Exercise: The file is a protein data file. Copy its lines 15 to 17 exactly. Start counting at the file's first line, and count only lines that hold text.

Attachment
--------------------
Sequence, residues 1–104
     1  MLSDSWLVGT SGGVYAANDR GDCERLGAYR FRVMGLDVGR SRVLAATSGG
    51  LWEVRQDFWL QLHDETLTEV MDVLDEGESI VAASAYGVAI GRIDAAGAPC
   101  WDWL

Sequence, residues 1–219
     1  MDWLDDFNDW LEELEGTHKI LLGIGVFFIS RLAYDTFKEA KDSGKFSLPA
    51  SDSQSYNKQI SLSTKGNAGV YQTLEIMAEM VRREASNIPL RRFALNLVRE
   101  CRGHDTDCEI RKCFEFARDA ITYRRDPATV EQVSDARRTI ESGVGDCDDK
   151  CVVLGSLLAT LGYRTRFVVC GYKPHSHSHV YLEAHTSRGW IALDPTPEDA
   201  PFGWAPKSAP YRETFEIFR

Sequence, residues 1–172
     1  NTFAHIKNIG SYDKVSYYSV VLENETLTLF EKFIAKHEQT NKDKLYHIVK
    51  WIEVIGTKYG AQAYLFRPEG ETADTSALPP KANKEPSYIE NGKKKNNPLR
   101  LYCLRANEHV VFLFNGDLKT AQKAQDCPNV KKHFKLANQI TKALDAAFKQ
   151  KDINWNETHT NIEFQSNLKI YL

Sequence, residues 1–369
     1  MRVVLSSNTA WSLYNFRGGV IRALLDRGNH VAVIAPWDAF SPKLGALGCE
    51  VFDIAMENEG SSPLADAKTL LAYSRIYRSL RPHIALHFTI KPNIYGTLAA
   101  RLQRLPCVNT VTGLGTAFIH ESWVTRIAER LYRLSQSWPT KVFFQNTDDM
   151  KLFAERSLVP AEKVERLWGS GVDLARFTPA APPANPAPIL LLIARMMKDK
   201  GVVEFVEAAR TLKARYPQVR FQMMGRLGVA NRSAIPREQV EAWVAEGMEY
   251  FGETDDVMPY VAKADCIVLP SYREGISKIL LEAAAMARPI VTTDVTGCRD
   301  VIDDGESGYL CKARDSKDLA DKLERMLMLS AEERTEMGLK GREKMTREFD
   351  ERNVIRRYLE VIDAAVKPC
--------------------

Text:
   151  KDINWNETHT NIEFQSNLKI YL

Sequence, residues 1–369
     1  MRVVLSSNTA WSLYNFRGGV IRALLDRGNH VAVIAPWDAF SPKLGALGCE